By Ryan Ritchie
The last time Billie Joe Armstrong, Mike Dirnt and Tre Cool hit Long Beach, they called themselves Green Day and played at the Arena to thousands of pre-pubescent fans and those fans’ moms. Last night was a bit different.
Using the moniker Foxboro Hot Tubs, the Berkeley trio played Alex’s Bar to a crowd divided into two types: Alex’s regulars and Green Day diehards who more than likely had never stepped foot in the bar. No, this wasn’t the most sudden fall from grace in the history of recorded music. They actually wanted it that way.
With the help of Pinhead Gunpowder guitarist Jason White, multi-instrumentalist Jason Freese and guitarist Kevin Preston (all of whom are reportedly members of Green Day’s live backing band) the Foxboro Hot Tubs concluded their 10-day tour with an hour-long set comprised mostly of songs of their debut record “Stop Drop and Roll!!!” With only one album to their credit, it came as no surprise that the band played nearly every track from “Stop,” along with what Armstrong said was a cover from a band called the Network. To those who have absolutely nothing better to do than follow Green Day’s every move, the Network was (is?) another Green-Day-in-disguise band that released an album titled “Money Money 2020” in 2003. The only actual Green Day song in the set was “Blood, Sex and Booze” off 2000’s “Warning.”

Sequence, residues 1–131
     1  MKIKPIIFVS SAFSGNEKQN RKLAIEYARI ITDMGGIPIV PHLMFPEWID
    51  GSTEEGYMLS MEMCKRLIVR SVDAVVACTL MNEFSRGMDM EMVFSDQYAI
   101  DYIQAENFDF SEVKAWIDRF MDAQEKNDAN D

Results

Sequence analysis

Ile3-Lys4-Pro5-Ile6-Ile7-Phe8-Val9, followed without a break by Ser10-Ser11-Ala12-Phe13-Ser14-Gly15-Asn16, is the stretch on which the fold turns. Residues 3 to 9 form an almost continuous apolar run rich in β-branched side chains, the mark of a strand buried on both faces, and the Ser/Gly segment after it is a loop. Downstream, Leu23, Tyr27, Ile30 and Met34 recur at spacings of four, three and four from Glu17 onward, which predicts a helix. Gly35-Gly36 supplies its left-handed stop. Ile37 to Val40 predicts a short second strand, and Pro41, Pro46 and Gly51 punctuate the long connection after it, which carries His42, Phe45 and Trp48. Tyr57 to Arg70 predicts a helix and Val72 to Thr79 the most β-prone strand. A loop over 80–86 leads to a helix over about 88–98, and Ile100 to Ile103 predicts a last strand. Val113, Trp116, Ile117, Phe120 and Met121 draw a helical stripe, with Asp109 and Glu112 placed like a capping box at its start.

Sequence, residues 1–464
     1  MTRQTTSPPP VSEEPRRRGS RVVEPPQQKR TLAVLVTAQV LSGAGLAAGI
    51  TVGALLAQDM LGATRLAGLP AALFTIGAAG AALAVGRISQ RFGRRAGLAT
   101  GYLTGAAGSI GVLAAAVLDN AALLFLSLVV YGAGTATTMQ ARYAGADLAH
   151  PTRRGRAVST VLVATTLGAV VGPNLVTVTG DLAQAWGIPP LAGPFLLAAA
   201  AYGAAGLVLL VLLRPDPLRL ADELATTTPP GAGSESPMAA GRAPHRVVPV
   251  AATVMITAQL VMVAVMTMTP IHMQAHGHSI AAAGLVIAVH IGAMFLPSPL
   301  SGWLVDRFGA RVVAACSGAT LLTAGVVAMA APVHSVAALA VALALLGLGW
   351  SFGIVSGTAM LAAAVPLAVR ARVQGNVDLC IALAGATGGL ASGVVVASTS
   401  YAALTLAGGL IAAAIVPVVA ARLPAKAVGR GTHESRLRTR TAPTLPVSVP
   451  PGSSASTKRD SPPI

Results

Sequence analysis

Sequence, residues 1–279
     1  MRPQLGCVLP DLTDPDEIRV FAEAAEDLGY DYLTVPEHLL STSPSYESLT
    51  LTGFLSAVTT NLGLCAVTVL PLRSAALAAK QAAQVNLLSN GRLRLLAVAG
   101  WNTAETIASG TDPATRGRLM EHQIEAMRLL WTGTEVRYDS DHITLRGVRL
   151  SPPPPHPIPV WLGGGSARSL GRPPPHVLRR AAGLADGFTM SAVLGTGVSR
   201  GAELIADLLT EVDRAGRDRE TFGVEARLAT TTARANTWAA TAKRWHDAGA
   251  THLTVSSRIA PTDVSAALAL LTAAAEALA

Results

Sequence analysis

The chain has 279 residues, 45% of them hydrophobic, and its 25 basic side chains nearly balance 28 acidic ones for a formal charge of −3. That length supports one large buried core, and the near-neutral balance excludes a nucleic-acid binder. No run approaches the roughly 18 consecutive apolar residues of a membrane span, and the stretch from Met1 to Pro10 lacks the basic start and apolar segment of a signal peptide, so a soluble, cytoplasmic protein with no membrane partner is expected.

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Now for the most obvious thing I’ve ever written: The biggest difference between the Green Day show at the Long Beach Arena and the Foxboro Hot Tubs at Alex’s was the production value. The “American Idiot” tour incorporated a flashing “Green Day” banner behind the stage, more pyrotechnics than a Nevada backyard party and a cover of “Shout.” That’s when my girlfriend and I bailed on the show. And we like Green Day.
Wednesday night’s show was less about arena rock distractions and more about a straight-forward approach to rock ‘n’ roll. The evening began with Armstrong riding a surfboard carried by Alex’s security from the back of the bar to the stage. Many songs were extended to give the Foxboro Hot Tubs the opportunity to drink tallboys of Pabst Blue Ribbon and/or crowd surf, both of which were highly entertaining. Although it was never officially mentioned, there must have been a rule that mandated everyone in the audience had to jump on stage every fourth or fifth song because that’s exactly what happened. One minute there were six musicians up there and the next they disappeared into a sea of people.
But my friend Ron, a punk rocker since before most of the audience was going to shows, summarized the evening perfectly when told me his favorite part of the show was when one of the bouncers stage dived. Minutes earlier the guy got on the mic and told the crowd he’d put a foot in everyone’s ass if they didn’t take a step back. Then he jumped. Go figure.
Sure, the people on stage were household names with bank accounts full of zeros, but all the shit that bummed me out about the over-produced “American Idiot” tour vanished. In its place was a typical bar show complete with a band that sounded like the pros that they were, sky-high temperatures, beer a-flyin’ and lots of sweaty dudes bumping into non-sweaty dudes, making the non-sweaty dudes a tad bit uncomfortable. Maybe I was born too late to have witnessed it the first go-round, but last night’s show proved a tiny venue with nothing to offer but an eager crowd and stiff drinks is how Green Day/Foxboro Hot Tubs/the Network should be seen. All it took was a name change for me to appreciate Green Day again.